Using a CPL filter also involves understanding light and its directions, like a game of pool where the angle of the cue ball affects the motion of the target ball.
When you’re using a CPL filter, the sun is your cue ball.
The impact of the filter can vary based on the sun’s position, and you would notice the maximum effect when the sun is to the side.
So get into the habit of observing the sun and its position before taking a shot.
Keep in mind that CPL filters would decrease the amount of incoming light by about one stop. Imagine your camera is like a pupil.
When there is a lot of light, it contracts.
The CPL filter is like adding another shield to stop some light from entering, making the image a bit dimmer than normal.
It’s like squinting to look at something in the harsh afternoon light.
Therefore, you may need to adjust the exposure accordingly- just as you would adjust to changing light conditions at different times of the day.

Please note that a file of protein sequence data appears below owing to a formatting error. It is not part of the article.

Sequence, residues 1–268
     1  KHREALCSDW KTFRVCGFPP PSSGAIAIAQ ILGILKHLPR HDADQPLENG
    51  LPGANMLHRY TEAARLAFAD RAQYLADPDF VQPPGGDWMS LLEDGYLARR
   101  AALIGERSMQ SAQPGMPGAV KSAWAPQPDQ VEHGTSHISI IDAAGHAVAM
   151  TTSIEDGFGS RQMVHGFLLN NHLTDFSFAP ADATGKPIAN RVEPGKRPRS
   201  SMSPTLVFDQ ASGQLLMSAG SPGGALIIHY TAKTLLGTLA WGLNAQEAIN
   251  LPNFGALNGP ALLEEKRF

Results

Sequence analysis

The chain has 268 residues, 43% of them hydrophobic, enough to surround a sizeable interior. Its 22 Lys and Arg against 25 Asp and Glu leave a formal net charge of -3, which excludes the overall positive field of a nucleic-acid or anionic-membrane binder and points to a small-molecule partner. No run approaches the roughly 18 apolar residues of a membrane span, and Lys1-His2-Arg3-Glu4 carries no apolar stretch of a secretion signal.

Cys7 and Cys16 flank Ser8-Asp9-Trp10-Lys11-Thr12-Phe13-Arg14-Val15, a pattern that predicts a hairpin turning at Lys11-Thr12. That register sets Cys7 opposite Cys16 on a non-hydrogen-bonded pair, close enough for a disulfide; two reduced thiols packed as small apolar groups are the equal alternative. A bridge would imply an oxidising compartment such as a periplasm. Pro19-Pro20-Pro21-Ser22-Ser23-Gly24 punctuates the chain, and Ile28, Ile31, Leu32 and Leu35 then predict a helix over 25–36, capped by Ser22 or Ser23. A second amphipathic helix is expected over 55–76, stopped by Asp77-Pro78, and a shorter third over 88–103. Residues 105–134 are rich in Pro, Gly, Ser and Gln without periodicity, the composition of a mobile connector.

All this might sound a tad technical now, but as with any tool or technique, mastery comes with practice.
I assure you, the addition of a CPL filter on a bright sunny day or for a landscape shot with water bodies would make a world of difference.
Just like the cherry on the top of your favorite sundae!
I hope I’ve made the usage of the CPL filter a bit clearer to you. But the real fun begins when you start experimenting. So get your gear ready and start clicking!
What Are The Advantages Of Using CPL Filters?
What are the advantages of using CPL Filters, you ask?
As mentioned, just as your sunglasses cut down the glare, enhance colors, and help you see clearer on a sunny day, CPL filters work similarly for your camera.
1. Reduce Reflections
When you’re out shooting a landscape, sometimes the sky can appear overly bright, or you get these unavoidable reflections blemishing the natural beauty of the water bodies you’re trying to capture.
CPL filters work like a charm here, darkening that too-bright sky and reducing those pesky reflections.
Basically, it’s like turning down the brightness of the sun.
2. Enhance Color Saturation
CPL filters also enhance color saturation, which is a fancy way of saying they make the colors in your photos pop.
Ever seen those stunning photos where the blue of the sky and the green of the grass seem more vibrant than reality?
Yeah, that’s because a CPL filter was likely used.
But here’s where it gets cool – CPL filters don’t just block light, like Neutral Density filters do, but these guys can also alter color and contrast.